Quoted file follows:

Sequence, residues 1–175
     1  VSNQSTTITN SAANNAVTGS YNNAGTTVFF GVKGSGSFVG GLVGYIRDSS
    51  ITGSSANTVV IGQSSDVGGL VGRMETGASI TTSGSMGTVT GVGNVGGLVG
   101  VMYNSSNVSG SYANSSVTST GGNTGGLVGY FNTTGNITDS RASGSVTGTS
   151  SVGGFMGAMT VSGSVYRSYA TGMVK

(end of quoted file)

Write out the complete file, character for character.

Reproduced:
Sequence, residues 1–175
     1  VSNQSTTITN SAANNAVTGS YNNAGTTVFF GVKGSGSFVG GLVGYIRDSS
    51  ITGSSANTVV IGQSSDVGGL VGRMETGASI TTSGSMGTVT GVGNVGGLVG
   101  VMYNSSNVSG SYANSSVTST GGNTGGLVGY FNTTGNITDS RASGSVTGTS
   151  SVGGFMGAMT VSGSVYRSYA TGMVK